Hard to repeat? Leicester do not strike gold every time, with £9m Andrej Kramaric a case in point, and little-used £5m Gokhan Inler. Vardy took a few years to shine and Mahrez needed to acclimatise.
In theory, other clubs can buy economically and well — some already do, such as Southampton.
Jamie Vardy (right), a £1m signing from Fleetwood in 2012, has notched 24 Premier League goals this season
N’Golo Kante (right), a £5,6m arrival from Caen last summer, is another player to have starred this campaign
What went right: The most recent figures available show Leicester’s wage bill was £57m last season and that will have risen to £70m-plus this term but still be in or near the bottom five in the Premier League.
Winning the league on such relatively small wage is unheard of. No club has ever won it when outside the top five wage spenders before and usually it is in the top three.
Hard to repeat? Success comes at a cost. Keeping brilliant footballers will involve paying some of them large raises.
Agents will agitate for more of the spoils. Buying new players to enrich the squad will become costlier. And predators will come for your best performers, as with Paris Saint-Germain reportedly circling Kante.
Kasper Schmeichel puts the Premier League crown on Claudio Ranieri’s head during the celebrations
Winning the league on such relatively small wage is unheard of but Leicester have proved critics wrong
FEWEST INJURIES 2015-16
1: Leicester 12 (313 days lost)
2: Swansea 14 (280 days lost)
3: Southampton 15 (475 days lost)
18: Man City 47 (1252 days lost)
19: Liverpool 47 (1742 days lost)
20: Newcastle 48 (2232 days lost)
PREMIER LEAGUE average:
30 (1,015 days lost)
Lack of injuries
What went right: Leicester’s ability to keep their players fresh and available has been astonishing, as figures from expert Ben Dinnery of PremierInjuries.com show.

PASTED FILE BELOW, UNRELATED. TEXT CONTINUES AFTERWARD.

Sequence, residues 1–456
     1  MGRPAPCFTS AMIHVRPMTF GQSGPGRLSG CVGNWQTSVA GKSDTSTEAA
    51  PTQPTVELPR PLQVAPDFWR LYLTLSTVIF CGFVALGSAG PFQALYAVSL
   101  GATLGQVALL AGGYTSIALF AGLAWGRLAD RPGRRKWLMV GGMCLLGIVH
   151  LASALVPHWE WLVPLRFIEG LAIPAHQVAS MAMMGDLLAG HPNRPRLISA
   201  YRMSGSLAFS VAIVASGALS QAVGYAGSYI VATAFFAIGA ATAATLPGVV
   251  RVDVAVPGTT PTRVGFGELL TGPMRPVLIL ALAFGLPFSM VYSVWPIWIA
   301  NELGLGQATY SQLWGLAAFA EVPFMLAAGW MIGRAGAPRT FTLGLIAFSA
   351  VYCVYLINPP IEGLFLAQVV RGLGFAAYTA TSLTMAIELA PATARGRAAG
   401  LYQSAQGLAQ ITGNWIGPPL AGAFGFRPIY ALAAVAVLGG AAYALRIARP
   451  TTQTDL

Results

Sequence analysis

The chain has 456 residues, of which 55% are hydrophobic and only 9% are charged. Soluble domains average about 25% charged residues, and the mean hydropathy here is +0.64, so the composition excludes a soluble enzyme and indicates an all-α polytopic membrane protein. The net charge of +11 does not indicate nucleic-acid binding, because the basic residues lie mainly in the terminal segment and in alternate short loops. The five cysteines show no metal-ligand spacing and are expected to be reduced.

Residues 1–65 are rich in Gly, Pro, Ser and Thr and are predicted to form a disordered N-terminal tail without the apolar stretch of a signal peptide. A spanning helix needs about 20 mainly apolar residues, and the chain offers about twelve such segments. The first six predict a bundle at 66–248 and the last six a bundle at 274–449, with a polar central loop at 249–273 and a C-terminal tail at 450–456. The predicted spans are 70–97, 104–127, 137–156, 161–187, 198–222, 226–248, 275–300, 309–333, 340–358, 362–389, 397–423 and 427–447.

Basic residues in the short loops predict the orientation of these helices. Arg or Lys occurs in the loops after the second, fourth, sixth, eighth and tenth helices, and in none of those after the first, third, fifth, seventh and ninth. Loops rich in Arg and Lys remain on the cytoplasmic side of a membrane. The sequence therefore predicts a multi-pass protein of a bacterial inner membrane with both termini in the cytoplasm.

This has been down to a combination of cutting edge technology (such as their cryotherapy ice chamber, GPS monitoring vests and NordBord hamstring strengthener), nutrition including beetroot shots and training patterns built around plenty of rest and sessions dependent on conditions such as pitch softness.
Hard to repeat? Not necessarily, which might itself be a problem as other clubs adopt proven methods, just as Arsene Wenger’s early nutritional and scientific innovations in the 1990s were quickly copied.
Scheduling rest will also become harder with a busier schedule involving the Champions League next season.
Vardy and his Leicester team-mates have stayed clear of injuries this season which has benefited the club
What went right: After being knocked out of the FA Cup on January 20, Leicester have had only Premier League games to focus on for the past four months, at an average of one per week.
They have excelled in these circumstances and will have played 43 games (all competitions, all season) by the end. By comparison, Tottenham will have played 53, Manchester City 59 and Liverpool 63.